LA PAZ – Former President Carlos Mesa, a historian and journalist, argues in his latest book, “Bolivia 1982-2006: Democracia” that Bolivia enjoyed its first real period of democracy during the years covered by his work.
The 150-page book examines the start of democracy following the brutal and corrupt dictatorships of Gen. Hugo Banzer, who governed the Andean nation from 1971 to 1978, and Luis Garcia Meza, in office from 1980 to 1981.
The 63-year-old Mesa, who served as Bolivia’s president from 2003 to 2005, also looks at the efforts by current President Evol Morales to stay in power despite the term limits imposed by the constitution.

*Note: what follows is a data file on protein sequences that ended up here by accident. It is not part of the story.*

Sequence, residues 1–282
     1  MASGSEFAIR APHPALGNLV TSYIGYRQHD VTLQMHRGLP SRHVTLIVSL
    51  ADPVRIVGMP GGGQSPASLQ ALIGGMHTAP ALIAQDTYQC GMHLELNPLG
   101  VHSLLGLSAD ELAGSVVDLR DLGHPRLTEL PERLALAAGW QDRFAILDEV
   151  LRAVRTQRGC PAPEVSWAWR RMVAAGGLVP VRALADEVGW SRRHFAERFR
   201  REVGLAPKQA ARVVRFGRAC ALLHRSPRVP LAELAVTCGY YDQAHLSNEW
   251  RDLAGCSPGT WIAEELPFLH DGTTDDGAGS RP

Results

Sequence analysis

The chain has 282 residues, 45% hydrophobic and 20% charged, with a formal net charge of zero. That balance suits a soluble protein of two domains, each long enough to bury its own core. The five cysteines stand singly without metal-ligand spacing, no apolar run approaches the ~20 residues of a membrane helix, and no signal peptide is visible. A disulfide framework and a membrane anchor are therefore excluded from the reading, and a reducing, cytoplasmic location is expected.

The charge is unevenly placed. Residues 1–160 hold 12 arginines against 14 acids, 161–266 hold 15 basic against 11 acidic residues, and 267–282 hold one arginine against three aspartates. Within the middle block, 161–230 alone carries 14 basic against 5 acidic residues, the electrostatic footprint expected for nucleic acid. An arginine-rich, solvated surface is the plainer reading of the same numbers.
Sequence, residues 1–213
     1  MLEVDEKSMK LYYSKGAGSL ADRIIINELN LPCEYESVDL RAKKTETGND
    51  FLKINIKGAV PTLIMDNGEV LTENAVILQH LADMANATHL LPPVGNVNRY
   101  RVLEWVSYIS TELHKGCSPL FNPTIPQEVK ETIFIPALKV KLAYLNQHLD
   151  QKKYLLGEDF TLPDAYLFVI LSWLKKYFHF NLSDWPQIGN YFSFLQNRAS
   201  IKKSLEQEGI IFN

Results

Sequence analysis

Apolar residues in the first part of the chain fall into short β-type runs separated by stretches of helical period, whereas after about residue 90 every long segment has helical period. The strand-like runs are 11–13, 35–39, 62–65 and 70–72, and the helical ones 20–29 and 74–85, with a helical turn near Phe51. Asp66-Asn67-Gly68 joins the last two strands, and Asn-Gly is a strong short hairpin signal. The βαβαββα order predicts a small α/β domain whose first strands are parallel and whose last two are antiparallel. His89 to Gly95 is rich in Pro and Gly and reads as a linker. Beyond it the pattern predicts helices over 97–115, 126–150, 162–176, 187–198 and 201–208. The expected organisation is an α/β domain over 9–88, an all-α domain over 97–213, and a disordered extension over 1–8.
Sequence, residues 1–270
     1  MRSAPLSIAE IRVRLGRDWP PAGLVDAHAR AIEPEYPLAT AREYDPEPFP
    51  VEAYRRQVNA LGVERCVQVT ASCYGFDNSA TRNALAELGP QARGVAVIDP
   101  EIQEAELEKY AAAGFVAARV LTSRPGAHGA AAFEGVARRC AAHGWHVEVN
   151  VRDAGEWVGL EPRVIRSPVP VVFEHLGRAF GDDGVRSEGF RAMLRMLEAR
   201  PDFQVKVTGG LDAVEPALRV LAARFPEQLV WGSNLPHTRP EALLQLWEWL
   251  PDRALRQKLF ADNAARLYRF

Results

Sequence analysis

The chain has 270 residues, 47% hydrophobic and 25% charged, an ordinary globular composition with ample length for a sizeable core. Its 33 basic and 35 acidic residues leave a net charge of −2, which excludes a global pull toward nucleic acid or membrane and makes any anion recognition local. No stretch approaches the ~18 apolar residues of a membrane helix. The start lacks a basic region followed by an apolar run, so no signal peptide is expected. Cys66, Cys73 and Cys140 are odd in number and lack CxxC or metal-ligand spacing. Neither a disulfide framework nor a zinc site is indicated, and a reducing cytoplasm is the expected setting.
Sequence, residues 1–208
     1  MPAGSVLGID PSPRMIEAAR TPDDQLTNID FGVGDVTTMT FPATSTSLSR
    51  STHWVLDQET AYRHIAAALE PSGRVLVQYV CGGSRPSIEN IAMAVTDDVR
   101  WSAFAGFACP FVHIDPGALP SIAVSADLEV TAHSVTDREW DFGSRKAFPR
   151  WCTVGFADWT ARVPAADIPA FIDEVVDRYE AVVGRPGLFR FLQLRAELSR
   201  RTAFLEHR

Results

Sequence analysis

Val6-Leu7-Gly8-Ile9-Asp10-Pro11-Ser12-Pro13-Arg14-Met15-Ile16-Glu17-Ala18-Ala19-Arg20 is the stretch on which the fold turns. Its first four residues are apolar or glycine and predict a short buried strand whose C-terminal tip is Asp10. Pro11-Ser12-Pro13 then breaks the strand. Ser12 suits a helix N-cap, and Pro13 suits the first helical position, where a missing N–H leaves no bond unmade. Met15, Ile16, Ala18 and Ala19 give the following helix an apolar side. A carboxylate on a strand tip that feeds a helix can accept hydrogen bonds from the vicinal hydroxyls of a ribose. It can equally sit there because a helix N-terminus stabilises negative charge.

“Today, we have to fight a battle for history,” Mesa said, adding that his praise for the 1982-2006 period was “an affirmation of the times without seeking to negate the one who comes after.”
Mesa, who has neither declared himself a candidate nor ruled out a run for the presidency, appears in most polls as the opposition member in the best position to take on Morales in the race to be Bolivia’s next head of state.